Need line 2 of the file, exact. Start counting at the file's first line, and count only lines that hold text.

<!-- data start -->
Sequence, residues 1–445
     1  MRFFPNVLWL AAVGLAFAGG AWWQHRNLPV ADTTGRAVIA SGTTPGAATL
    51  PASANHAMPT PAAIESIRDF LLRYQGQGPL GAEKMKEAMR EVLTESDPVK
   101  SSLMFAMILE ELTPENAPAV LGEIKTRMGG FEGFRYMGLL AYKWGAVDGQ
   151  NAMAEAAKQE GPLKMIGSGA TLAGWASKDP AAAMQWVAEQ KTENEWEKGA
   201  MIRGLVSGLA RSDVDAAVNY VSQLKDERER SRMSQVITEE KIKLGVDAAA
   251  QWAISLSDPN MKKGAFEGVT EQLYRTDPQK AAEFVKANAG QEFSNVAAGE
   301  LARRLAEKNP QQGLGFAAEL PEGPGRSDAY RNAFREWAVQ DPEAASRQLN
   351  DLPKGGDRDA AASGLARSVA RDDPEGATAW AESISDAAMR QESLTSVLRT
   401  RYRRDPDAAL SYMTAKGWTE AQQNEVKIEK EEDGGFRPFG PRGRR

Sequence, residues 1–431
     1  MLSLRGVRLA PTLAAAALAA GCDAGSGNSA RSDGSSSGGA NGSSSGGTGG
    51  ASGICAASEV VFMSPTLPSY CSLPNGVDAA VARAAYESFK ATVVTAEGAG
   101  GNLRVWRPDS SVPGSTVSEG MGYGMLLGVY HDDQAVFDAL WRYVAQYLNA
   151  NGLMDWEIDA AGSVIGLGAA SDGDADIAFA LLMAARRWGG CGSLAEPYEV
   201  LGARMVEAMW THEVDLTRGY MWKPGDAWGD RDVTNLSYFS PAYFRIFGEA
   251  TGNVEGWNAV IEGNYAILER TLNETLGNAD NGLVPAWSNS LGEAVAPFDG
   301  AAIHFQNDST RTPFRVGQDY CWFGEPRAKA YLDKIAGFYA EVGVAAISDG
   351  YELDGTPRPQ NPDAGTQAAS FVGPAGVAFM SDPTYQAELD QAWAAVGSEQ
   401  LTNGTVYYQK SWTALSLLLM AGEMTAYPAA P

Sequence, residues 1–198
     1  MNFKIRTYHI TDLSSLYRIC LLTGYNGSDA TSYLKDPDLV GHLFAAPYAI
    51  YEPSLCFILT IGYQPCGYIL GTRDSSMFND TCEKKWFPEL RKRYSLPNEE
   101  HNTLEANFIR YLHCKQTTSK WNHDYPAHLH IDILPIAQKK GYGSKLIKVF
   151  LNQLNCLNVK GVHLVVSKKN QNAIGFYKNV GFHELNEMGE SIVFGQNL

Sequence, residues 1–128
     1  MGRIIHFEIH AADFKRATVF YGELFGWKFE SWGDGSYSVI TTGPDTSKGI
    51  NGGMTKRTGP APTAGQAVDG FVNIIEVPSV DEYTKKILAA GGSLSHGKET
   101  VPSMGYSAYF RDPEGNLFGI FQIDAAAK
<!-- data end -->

     1  MRFFPNVLWL AAVGLAFAGG AWWQHRNLPV ADTTGRAVIA SGTTPGAATL